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What towns can learn from Goomeri

READY TO ROLL: The Pumpkin Roll at the Goomeri Pumpkin Festival.
READY TO ROLL: The Pumpkin Roll at the Goomeri Pumpkin Festival. Tobi Loftus

GOOMERI is in the midst of an economic renaissance, and other South Burnett towns can learn from what the town is doing.

Goomeri Pumpkin Festival Coordinator Kim Boyter said new businesses had opened in Goomeri and there would be more on the way.

"The mood and the atmosphere is quite electric in town with so much happening,” Mrs Boyter said.

"We've got the council's our towns project, where they are refurbishing the old railway land into park land and with all the new businesses and there is still more coming and it's incredible.

"Trying to get a carpark around town is infuriating.”

Mrs Boyter said other towns needed to take the same chance Goomeri did 21 years ago with the idea of the Pumpkin Festival to have similar success.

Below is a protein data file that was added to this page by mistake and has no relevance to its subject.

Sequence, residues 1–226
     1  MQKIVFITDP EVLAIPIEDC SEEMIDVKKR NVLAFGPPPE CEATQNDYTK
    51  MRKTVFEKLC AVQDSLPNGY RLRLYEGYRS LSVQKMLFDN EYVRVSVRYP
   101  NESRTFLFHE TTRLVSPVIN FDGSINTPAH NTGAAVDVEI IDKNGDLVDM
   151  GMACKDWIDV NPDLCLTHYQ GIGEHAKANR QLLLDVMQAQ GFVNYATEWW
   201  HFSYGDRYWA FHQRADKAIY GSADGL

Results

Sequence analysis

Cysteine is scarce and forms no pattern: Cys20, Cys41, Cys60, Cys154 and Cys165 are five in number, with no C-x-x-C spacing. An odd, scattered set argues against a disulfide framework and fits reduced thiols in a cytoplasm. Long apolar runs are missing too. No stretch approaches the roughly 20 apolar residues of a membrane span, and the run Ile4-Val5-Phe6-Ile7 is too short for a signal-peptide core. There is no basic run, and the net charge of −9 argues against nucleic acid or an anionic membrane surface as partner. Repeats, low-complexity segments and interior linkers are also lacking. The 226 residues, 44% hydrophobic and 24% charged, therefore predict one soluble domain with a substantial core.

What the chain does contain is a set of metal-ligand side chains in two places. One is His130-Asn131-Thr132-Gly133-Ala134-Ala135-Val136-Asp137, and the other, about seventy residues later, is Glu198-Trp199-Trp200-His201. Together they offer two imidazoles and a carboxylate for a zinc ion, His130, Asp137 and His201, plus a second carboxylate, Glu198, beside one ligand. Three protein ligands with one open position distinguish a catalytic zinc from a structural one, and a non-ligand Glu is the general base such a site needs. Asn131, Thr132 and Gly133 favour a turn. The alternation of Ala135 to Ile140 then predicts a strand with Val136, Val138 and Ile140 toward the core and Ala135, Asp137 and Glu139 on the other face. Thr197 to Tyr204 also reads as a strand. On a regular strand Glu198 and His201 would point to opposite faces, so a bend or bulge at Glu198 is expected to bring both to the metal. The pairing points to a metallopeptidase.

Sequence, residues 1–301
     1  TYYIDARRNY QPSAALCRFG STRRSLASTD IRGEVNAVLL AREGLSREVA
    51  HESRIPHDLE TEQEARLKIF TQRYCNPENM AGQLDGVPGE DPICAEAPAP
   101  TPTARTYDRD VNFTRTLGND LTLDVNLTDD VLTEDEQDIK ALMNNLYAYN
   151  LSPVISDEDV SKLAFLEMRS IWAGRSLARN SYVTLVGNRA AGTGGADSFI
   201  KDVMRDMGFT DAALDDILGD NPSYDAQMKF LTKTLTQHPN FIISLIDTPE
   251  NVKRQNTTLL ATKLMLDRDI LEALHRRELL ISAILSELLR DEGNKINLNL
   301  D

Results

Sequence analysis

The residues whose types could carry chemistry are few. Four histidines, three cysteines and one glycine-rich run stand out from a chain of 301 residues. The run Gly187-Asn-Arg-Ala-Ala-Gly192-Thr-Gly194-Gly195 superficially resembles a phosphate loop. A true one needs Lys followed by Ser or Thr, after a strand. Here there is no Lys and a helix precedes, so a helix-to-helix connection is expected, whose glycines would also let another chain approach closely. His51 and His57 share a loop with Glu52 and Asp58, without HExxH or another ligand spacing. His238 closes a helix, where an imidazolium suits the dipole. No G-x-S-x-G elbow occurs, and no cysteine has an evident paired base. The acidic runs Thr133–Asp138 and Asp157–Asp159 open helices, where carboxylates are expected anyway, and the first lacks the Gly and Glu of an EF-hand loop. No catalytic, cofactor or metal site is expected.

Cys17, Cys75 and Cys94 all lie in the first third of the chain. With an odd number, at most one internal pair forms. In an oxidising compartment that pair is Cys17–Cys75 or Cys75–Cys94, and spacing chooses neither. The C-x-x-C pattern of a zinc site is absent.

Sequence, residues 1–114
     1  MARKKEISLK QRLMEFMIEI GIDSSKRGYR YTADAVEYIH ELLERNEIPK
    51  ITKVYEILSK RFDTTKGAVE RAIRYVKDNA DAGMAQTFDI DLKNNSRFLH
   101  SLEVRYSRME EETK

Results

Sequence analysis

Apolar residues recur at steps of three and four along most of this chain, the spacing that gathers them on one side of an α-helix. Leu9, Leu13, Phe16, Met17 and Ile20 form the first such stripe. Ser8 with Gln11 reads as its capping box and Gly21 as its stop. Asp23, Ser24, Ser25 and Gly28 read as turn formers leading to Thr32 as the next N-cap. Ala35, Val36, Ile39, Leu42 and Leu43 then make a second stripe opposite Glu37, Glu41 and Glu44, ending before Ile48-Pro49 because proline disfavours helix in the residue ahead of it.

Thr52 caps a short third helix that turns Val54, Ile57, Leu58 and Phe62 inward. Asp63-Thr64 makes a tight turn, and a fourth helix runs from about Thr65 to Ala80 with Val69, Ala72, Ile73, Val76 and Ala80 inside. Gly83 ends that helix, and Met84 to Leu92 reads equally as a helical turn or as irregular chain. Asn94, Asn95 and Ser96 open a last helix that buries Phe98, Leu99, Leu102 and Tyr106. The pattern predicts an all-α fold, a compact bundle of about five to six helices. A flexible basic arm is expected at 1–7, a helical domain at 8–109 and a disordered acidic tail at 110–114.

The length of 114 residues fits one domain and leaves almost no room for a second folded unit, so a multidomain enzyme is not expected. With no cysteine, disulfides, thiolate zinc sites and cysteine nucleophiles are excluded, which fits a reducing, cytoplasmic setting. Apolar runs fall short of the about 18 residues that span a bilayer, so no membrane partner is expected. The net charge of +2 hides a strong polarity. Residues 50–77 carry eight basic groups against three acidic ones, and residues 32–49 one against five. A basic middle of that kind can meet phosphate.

"You just have to have a go, if someone comes up with an idea as crazy as it may sounds like Goomeri did,” she said.

"Small towns like Goomeri appreciate the notoriety we gain by our festival and events and we look forward to continued support.

"I would like to think there is more public awareness for Goomeri and what the region has to offer on the tourism side, it has been a major boost for the town.”

Mrs Boyter said towns needed to have a good volunteer base for any idea or festival to succeed.

All the pumpkins used in the pumpkin festival are locally grown.

More than 1400 pumpkins are used to make soup, pies and scones as well as for the days events. Thecommittee has just had its annual general meeting and will start the planning for the next festival in November.

 

South Burnett

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